Does it matter what a doctor wears? A simple search on ‘doctors attire’ yields many studies and words of opinion but yet no consensus.
As background, electrophysiologists seem most comfortable in those ubiquitous blue or green hospital issue scrubs, most commonly accompanied by tennis shoes. Maybe this is a right given the long hours of standing with lead aprons to shield from the radiation exposure. Even when “dressed up” most doctors of rhythm don themselves in dockers pants, some dockers-like shoes and a dated collared shirt -laughable really.
It was a day to present Grand Rounds at my hospital, which still holds to its conservative Baptist roots. This noontime presentation to my colleagues mandated the old charcoal suit, red tie and blue shirt. The suit was used for residency interviews in the late 1980’s. Grin! On the cardiac unit, the noisy black shoes announce my presence and a senior partner stares at me with astonishment and says, “Mandrola, what is this, you are embarrassing me.” I laugh and after this solemn week, a grin feels really good.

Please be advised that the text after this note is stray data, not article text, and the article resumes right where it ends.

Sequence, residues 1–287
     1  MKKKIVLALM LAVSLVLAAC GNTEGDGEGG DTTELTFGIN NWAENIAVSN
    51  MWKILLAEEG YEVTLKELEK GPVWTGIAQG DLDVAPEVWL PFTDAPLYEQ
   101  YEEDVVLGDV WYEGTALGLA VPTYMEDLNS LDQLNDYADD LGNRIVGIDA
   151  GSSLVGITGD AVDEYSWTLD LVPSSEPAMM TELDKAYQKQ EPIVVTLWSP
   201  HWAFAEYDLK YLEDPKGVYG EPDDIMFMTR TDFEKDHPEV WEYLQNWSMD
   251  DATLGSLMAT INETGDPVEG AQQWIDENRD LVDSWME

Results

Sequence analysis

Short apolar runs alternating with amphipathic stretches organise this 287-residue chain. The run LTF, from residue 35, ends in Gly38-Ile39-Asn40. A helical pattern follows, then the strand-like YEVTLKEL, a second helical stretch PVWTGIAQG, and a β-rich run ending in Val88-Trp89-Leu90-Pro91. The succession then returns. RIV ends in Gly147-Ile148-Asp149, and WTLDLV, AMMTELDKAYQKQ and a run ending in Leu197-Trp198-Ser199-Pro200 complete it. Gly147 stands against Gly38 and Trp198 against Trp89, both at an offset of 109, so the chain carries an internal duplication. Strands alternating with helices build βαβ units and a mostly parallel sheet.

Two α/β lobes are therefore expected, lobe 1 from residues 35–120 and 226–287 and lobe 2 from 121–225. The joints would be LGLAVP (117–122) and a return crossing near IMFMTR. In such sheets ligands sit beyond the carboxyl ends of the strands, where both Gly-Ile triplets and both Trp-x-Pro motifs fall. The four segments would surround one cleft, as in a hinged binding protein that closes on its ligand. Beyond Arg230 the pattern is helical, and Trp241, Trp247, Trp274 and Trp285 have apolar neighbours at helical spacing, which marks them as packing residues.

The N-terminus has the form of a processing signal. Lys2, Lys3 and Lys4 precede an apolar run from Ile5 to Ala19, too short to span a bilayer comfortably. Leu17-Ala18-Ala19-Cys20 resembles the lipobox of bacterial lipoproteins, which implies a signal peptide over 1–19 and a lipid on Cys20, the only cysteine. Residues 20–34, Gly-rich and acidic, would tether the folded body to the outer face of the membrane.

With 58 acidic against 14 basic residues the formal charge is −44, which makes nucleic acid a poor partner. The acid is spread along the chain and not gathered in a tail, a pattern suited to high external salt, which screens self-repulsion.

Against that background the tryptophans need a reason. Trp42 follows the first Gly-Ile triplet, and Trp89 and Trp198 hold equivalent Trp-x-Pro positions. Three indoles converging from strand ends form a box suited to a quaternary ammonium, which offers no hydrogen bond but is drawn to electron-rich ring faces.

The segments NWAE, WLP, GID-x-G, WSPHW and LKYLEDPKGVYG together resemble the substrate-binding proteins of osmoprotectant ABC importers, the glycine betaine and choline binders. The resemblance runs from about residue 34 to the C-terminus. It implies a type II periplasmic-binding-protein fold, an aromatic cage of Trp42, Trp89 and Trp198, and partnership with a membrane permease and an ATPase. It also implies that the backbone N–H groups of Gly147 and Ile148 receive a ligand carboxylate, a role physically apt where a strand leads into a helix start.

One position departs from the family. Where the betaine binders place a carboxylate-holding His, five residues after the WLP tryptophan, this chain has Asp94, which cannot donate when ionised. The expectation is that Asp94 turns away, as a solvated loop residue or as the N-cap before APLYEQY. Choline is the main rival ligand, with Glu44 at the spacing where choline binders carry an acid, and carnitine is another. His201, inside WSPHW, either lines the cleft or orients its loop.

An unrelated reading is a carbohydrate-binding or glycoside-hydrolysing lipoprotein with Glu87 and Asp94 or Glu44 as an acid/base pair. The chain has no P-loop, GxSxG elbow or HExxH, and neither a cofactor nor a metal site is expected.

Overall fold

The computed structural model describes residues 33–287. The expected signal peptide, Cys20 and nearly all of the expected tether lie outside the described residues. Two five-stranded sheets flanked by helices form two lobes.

In the office with new patients who know not of my costume the suit seems to help. Coincidentally the day brought two unusually challenging patients and in both cases there was a surprising acceptance of my opinion. Outside the room afterward I think to myself, wow, that went better than expected. So, did the prop that is a conservative, republican-like suit and reading glasses facilitate the delivery of a complex plan of treatment? Perhaps, but likely unknowable with any degree of certainty. This notion of a costume as a prop seems akin, to when my former nurse practitioner would tell me before seeing a particular patient, “you will want the white coat for this.”
One discovery is certain: those pointy black shoes are not for standing and walking all day. Ouch.
Lab work monday, so thankfully back to scrubs and tennis shoes.